Feed-in tariffs only pay for power produced, which depends on the weather – and no one can guarantee that. So while the foreign press repeatedly speaks of guaranteed profits from feed-in tariffs, Craig Morris says German investors in wind and solar power have a different story to tell.
In my last blog post, I mentioned how German newsweekly Der Spiegel misleadingly spoke of returns “promised” to investors in wind power. Germany bases its feed-in tariffs for wind power on a “reference turbine,” meaning the amount of power a properly working turbine can be expected to generate at a given site. This reference has caused quite some concern over the past decade. As Spiegel itself reported in 2001, wind power provided a return of 8.1 percent nationwide on average in 2000, but the wind has died down a bit since, leading to criticism about the “reference turbine.” The general mood a few years ago was that the original calculation must have been made based on a few years that turned out to be windier than the average.
The reference turbine continues to be revised. A recent paper published by German wind power association BWE (PDF in German) found that a comparison across five sites showed a decrease in wind velocities between 2008 and 2013 in each case, with the average drop coming in at 6.1 percent – enough to wipe out profits entirely (see chart below).
Two other charts recently published by the BDEW (German Association of Energy and Water Industries) show what the effect can be. The first one shows wind velocities by month, with the average given in the bars on the far right. The blue bars represent the average from 2003-2012. As we see, 2012 was slightly better than the average over the past decade, but 2013 was slightly worse.
The intensity of sunlight changed even more dramatically. The average over the past decade was higher than in 2012, and the levels in 2013 were dramatically lower. In the first five months of the year, Germany was far more cloudy than usual.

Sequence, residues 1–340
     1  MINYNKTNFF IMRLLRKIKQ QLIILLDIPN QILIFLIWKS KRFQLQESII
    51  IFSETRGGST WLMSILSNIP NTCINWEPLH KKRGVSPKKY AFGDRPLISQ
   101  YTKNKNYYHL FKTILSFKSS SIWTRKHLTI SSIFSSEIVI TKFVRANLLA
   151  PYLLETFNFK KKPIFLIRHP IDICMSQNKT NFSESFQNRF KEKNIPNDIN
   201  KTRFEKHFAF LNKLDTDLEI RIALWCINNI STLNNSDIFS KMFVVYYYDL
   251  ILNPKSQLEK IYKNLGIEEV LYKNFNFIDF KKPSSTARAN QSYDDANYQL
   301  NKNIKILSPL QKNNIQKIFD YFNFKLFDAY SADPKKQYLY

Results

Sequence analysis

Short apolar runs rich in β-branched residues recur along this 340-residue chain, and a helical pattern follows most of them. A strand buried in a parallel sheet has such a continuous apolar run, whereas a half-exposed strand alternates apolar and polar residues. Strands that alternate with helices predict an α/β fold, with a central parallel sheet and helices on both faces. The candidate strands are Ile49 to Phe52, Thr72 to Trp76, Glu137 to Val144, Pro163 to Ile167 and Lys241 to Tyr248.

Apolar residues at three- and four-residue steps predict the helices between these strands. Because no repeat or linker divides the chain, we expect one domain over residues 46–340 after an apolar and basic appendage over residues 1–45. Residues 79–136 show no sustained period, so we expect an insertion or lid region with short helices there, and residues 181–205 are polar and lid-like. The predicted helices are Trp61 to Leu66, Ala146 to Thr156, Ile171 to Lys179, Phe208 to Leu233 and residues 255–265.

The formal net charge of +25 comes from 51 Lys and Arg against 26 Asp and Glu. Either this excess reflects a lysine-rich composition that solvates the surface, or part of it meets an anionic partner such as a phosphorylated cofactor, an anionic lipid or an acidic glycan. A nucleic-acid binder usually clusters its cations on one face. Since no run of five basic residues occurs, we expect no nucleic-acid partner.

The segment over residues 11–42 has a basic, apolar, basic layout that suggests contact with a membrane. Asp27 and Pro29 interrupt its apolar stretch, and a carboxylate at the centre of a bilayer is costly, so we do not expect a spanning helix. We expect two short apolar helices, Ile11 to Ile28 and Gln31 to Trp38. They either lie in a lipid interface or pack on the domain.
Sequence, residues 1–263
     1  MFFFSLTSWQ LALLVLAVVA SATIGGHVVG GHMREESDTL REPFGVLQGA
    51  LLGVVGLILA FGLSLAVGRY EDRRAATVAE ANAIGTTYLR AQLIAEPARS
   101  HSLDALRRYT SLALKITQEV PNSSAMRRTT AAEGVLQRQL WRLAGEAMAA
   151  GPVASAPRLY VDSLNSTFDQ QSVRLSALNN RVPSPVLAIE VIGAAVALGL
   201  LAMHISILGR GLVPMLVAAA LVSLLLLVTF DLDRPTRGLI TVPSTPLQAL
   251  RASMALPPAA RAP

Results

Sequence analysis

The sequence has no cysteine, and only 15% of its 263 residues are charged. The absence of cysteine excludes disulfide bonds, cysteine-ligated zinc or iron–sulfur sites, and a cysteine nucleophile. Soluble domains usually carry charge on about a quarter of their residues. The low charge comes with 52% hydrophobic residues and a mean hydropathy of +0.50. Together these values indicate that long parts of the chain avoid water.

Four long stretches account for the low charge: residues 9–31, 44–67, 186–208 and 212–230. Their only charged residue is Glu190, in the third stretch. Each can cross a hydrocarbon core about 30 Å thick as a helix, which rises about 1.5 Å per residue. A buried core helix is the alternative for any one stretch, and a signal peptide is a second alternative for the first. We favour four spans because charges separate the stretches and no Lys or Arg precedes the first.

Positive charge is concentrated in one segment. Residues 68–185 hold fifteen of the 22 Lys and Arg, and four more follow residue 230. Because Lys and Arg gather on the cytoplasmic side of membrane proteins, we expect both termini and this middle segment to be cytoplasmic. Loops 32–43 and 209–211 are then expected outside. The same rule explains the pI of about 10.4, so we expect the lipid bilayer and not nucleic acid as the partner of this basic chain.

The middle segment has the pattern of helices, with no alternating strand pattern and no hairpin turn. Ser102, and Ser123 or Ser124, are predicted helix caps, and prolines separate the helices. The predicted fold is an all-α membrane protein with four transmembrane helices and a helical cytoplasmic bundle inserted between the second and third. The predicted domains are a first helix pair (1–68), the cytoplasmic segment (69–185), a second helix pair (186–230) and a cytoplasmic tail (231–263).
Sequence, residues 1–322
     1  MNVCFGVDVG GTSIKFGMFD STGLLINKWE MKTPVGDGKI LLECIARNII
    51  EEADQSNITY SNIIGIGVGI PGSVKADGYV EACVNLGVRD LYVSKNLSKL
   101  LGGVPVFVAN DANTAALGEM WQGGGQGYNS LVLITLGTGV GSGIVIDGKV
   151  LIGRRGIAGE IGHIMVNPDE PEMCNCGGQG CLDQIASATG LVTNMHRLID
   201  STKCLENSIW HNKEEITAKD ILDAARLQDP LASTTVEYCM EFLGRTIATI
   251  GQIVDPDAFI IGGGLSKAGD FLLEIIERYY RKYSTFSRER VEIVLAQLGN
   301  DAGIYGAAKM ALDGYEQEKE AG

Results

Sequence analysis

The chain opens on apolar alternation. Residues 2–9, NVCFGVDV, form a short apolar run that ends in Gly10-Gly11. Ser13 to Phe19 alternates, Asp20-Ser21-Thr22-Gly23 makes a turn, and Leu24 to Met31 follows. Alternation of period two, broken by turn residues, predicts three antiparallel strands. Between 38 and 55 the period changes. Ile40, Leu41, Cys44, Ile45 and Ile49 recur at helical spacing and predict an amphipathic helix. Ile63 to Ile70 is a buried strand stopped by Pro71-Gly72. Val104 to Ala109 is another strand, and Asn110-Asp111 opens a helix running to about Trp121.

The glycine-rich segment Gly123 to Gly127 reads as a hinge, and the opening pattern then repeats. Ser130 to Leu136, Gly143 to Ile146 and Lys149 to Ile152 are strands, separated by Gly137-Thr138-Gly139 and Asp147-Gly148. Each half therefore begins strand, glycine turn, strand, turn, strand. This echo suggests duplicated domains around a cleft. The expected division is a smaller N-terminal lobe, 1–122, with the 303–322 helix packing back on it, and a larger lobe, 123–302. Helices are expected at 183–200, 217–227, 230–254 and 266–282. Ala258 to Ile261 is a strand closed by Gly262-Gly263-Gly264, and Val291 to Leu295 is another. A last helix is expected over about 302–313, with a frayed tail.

These are just the risks from changing weather conditions. The list of other risks is endless: for PV, we could include defective products, improper installation, unexpected shading (possibly from new buildings), and theft. While Germany’s installed PV capacity grew in 2013 by around 10 percent, the amount of solar power generated only went up by around six percent. And while installed wind capacity grew by around eight percent, wind power production actually fell by 0.1 percent.
Last year, a BWE board member reviewed financial statements published by 175 onshore wind farms from 2000 to 2011. Here are a few of the findings from a report by German journalist Bernward Janzing:
- half of the projects will only be able to return the capital invested after 20 years – no profits
- 37 percent had a negative cash flow, meaning that the wind farm’s income from power production was not enough to pay back loans
Janzing adds that the “reference turbine” was “systematically miscalculated” in the 1990s but that the BWE says the recent adjustments up to the end of 2011 are now accurate. He adds that the topic is touchy for the BWE, which represents all of the parties involved: the investors who are not posting healthy profits as well as the technicians and engineers, who continue to earn a good living for their services despite the poor returns. Perhaps that is why the BWE did not wish to comment on my article, with one spokesperson telling me that a focus on the reference turbine “oversimplifies the problem.”
Craig Morris (@PPchef) is the lead author of German Energy Transition. He directs Petite Planète and writes every workday for Renewables International.
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